It is hard to imagine Kashmir without the turmoil today – the gun culture, militants, encounters, defence forces, APSPA, daily funerals and the wailing mothers. Most people born in Kashmir have grown-up seeing it as a region with endless chaos and conflict. Amidst the chaos, Kashmir has become the flashpoint of commotion in which the citizens constantly fight for their fundamental rights which they assert has been snatched by the Indian armed forces. A EurAsian Times analysis
In an editorial published by Sandeep Bamzai, CEO of IANS, he points out towards the inefficient treatment and outlook of the ruling government towards Kashmir. “The BJP government is ring-fencing its policy of drift in Jammu and Kashmir,” indicating the vehement intervention of powers beyond India involved with the crisis in the region.
“The BJP leadership has over the last few years squandered enough opportunities”, quips Bamzai on the callousness and almost utter disregard that the BJP holds over the state of the Valley.
The situation has come to a point where the entirety of South Kashmir is under the rule of the armed forces. The crisis in South Kashmir is so treacherous that in the absence of the security forces to maintain order, everything could crumble into oblivion.
Bamzai eloquently points out in his article that the BJP leadership has left behind a “shipwreck” in less than three years in power. The State has become unrecognisable as the sizeable amount of violence has risen and there is no viable solution in sight. The reason being a bunch of jackboots have seldom solved anything. Be it the draconian Armed Forces Special Powers Act (AFSPA) or any of the extreme measures that are taken within the region, all is in vain if the parties involved do not engage in constructive dialogue.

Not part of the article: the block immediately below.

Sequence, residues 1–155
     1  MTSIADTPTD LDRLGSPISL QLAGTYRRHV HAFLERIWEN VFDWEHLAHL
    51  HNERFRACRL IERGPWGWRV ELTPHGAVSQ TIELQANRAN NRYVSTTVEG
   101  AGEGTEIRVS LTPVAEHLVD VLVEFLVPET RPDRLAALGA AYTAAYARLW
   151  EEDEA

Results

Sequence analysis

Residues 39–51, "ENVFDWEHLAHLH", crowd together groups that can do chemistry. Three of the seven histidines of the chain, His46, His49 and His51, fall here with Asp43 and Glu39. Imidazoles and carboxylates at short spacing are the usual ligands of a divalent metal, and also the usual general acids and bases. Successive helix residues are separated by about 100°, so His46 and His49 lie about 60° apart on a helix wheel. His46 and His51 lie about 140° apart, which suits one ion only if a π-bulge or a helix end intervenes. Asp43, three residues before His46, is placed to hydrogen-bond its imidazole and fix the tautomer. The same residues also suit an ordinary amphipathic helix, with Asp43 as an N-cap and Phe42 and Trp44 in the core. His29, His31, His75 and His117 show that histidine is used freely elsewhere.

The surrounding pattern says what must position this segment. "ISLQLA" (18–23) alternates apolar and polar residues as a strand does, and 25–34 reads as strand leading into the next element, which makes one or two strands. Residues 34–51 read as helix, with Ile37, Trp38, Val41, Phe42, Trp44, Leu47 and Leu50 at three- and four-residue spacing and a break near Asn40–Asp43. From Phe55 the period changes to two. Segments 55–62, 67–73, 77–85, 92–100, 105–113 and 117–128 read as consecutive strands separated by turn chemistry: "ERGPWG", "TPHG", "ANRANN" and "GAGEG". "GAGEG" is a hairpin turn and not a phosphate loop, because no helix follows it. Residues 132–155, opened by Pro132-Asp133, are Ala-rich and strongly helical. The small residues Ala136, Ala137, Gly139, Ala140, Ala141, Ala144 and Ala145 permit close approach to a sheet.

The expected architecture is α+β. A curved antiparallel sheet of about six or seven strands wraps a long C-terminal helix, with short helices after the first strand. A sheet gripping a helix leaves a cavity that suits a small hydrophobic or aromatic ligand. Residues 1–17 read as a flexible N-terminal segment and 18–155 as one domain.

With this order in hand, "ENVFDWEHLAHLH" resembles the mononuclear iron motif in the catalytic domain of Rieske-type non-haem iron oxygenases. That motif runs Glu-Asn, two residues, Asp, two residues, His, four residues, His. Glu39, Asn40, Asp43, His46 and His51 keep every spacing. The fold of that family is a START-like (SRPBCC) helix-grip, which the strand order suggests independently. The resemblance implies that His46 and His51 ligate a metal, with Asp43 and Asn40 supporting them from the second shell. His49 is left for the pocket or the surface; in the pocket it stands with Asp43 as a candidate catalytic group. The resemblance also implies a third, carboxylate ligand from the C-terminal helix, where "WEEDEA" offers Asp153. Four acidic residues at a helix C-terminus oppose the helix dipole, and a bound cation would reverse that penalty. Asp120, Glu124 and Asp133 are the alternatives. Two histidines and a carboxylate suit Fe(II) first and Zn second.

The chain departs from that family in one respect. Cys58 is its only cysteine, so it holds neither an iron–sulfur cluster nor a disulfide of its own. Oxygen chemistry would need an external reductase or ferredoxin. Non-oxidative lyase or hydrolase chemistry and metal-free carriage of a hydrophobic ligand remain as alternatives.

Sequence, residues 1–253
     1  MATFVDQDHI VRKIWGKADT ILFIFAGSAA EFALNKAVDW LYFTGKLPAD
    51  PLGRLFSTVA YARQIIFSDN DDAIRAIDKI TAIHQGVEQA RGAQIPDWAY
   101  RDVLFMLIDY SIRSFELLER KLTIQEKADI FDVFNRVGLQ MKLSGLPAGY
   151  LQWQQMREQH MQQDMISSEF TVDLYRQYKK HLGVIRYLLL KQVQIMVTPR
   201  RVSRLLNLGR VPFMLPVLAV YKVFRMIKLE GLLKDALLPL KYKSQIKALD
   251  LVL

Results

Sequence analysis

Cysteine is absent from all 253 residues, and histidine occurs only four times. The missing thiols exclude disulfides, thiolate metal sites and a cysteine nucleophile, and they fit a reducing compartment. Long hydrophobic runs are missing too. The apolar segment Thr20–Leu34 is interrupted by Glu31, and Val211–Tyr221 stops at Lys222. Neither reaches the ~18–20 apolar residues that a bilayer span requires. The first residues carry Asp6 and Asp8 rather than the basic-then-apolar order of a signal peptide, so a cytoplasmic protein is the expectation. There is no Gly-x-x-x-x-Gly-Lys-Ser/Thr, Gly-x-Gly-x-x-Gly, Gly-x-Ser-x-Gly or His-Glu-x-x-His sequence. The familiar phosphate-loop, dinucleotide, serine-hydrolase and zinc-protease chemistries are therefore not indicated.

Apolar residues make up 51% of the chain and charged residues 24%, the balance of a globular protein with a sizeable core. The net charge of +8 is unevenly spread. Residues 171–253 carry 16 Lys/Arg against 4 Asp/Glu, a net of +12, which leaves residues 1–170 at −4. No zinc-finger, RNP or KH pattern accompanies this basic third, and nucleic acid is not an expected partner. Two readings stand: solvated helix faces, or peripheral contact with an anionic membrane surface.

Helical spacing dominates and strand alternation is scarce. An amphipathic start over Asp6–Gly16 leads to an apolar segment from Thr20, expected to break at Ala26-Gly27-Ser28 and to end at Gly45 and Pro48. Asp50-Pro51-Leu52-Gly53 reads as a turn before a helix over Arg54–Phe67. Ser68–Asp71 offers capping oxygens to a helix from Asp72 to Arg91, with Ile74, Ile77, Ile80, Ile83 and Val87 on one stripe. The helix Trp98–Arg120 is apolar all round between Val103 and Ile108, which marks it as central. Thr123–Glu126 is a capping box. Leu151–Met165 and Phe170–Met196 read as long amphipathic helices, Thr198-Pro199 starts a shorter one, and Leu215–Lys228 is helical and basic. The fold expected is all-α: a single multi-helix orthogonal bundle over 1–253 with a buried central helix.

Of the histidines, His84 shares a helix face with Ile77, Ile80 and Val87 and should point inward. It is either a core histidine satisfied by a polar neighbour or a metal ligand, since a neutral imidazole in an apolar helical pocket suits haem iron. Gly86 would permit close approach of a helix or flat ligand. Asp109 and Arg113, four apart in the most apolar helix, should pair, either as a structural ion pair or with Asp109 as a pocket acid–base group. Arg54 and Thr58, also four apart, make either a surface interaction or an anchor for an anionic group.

The BJP leadership has instead sought to indulge in “Islamophobia and Muslim bashing” instead of engaging in genuine dialogue for a permanent solution. Bamzai lists eight such instances where the BJP has disregarded the opportunity to do the right thing.
The recall of octogenarian Governor N N Vohra when what is needed in Kashmir right now is a fresh pair of eyes and a more proactive approach. An ideal choice would have been sending ex-General Syed Atat Hasnain who was once Corps Commander in Jammu and Kashmir to run the gamut of moving pieces that is Kashmir. A man with prior experience and intricate knowledge of the nuances of a sensitive region like Kashmir especially post 2008 Amarnath crisis.
There is almost no Unified Command meetings held or even structured under the Chief Minister. Instead of being a spectator, such meetings are imperative in that it must be held weekly to contain the damages through incessant violence. For most parts, it has called for more and more boots on the ground whenever possible, the vision for which lacks any practicality. The suppressive tactics hold no ground as is evidenced by the uncontrollable eruption of violence in the region.